Virginia Creeper

Over the years we’ve looked at some common Ohio vines- Wild Grape, Poison Ivy, and various summer blooming vines– and there’s another very common one that gets far less press. This is a good time of the year to talk about it, since it is getting very colorful and is bearing fruit now. Let’s take a look at the Virginia Creeper.

Virginia Creeper is sometimes known as Five-Leafed Ivy or Five-Fingers. These alternate names reflect its most noticeable feature- its five-leaf clusters of jagged leaves. Scientifically-speaking, the leaves are palmately compound, meaning they are all joined at a central point.

Occasionally mistaken for Poison Ivy, you just need to remember that the latter has three leaves. Both have tiny flowers that are easy to miss., and both vines are very common. Virginia Creeper is found all over the United States and southern Canada save for the far west.

This vine is a member of the Grape family, and like Wild Grape can be found in woodlands and wood edges as well as fencerows and thickets. It can smother other plants, and its extensive root system is hard to eradicate. Virginia Creeper vine has been known to penetrate stone walls into cellars.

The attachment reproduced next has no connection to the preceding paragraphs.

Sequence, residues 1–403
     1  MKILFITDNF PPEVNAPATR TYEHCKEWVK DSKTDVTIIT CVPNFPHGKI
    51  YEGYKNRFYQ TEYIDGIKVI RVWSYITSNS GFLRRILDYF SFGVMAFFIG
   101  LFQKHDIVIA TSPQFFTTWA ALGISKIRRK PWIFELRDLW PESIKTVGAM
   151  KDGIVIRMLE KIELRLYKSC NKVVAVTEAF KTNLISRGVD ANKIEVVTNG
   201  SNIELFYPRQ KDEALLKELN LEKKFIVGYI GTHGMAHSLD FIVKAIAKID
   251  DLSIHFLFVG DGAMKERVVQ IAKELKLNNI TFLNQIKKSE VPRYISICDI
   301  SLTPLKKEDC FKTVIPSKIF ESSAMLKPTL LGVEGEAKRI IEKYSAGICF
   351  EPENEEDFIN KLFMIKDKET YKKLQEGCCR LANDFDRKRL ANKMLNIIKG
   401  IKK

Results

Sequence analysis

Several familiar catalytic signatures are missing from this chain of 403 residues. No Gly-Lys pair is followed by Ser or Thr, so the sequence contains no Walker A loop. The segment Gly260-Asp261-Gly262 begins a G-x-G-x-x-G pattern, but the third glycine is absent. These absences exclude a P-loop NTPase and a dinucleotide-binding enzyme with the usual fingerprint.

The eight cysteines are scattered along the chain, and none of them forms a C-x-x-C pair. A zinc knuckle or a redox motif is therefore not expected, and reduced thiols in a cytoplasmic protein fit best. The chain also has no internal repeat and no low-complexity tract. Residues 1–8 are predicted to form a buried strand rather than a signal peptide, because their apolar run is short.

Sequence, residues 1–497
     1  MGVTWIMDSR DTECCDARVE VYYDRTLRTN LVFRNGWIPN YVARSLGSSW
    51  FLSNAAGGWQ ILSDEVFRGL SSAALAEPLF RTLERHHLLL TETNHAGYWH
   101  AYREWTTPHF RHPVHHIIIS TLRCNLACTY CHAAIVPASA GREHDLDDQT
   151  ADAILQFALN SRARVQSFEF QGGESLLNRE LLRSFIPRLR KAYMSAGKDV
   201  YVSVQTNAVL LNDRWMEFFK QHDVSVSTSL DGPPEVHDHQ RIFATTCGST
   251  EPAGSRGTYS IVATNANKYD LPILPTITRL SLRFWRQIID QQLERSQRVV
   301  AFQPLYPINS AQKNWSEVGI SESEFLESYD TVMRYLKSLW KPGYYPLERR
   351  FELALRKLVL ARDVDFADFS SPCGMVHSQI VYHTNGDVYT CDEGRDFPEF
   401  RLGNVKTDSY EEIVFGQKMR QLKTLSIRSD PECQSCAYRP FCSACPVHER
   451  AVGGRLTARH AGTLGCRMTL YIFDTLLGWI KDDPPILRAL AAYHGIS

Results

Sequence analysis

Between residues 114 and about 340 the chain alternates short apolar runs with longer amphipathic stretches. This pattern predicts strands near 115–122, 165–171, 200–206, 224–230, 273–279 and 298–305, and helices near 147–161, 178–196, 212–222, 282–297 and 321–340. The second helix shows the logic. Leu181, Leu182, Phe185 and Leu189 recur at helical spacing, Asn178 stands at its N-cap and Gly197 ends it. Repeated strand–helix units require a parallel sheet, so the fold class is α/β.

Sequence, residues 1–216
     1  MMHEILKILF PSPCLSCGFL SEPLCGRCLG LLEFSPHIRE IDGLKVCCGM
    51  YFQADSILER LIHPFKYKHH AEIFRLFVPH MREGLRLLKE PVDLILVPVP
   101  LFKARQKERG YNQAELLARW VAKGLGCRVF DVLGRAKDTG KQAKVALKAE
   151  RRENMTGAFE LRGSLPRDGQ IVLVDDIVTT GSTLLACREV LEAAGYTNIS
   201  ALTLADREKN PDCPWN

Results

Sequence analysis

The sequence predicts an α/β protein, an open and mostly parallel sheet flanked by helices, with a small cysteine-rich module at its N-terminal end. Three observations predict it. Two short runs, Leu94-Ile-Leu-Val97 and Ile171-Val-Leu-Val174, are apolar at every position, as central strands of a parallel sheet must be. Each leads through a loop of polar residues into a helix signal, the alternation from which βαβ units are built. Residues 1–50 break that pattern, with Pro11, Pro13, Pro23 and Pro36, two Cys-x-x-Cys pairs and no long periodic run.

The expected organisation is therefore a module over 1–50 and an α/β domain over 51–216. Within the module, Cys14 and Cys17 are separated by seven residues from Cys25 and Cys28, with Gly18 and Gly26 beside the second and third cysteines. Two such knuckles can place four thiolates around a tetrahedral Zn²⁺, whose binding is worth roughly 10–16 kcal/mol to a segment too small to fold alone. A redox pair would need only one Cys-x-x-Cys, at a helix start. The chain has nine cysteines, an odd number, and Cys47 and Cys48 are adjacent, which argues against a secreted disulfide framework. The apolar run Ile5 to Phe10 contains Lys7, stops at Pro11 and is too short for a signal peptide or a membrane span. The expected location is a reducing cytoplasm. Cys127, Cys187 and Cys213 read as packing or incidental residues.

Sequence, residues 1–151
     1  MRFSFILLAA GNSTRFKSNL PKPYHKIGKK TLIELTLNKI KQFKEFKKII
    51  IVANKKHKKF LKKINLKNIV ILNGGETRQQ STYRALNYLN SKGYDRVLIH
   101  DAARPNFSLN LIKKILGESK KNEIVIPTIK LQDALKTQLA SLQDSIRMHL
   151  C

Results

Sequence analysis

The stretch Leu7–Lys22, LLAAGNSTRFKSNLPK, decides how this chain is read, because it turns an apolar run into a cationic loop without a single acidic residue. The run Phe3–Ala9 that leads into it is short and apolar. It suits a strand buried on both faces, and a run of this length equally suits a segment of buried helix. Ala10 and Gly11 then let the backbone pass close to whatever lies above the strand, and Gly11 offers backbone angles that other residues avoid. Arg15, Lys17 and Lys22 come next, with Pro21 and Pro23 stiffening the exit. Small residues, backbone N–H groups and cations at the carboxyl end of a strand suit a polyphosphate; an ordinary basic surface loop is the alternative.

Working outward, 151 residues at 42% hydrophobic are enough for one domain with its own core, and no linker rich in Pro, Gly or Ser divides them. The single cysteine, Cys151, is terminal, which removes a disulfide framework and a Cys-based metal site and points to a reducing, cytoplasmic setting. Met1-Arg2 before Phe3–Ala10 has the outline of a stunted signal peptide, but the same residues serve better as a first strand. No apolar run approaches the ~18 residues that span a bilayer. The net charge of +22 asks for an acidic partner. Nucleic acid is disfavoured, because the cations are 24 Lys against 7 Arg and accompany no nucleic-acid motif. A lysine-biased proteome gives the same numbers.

It is easy to see growing up trees and telephone poles, but if you look at woodland undergrowth you will find a lot of it growing along the ground, again similar to Poison Ivy.

Deer and rabbits eat this vine, which is fortunate because of its sheer abundance.

In the autumn, the leaves turn red before tree leaves do. This adds early color to the landscape.

Also in autumn, the vine produces berries, which swiftly turn to dark purple, looking similar to Wild Grapes. They are an important food source in winter for birds; foxes and skunks also eat them. Humans, please do not eat- the berries contain toxic amounts of oxalic acid which can cause kidney damage, even death. Wild Grapes are wonderfully tart to eat now, just make sure you identify them correctly!

Virginia Creeper joins Wild Grape and Poison Ivy as the most common vines in Ohio wooded areas. Take a look around the next walk you take around any woods- you’ll see plenty of them I bet.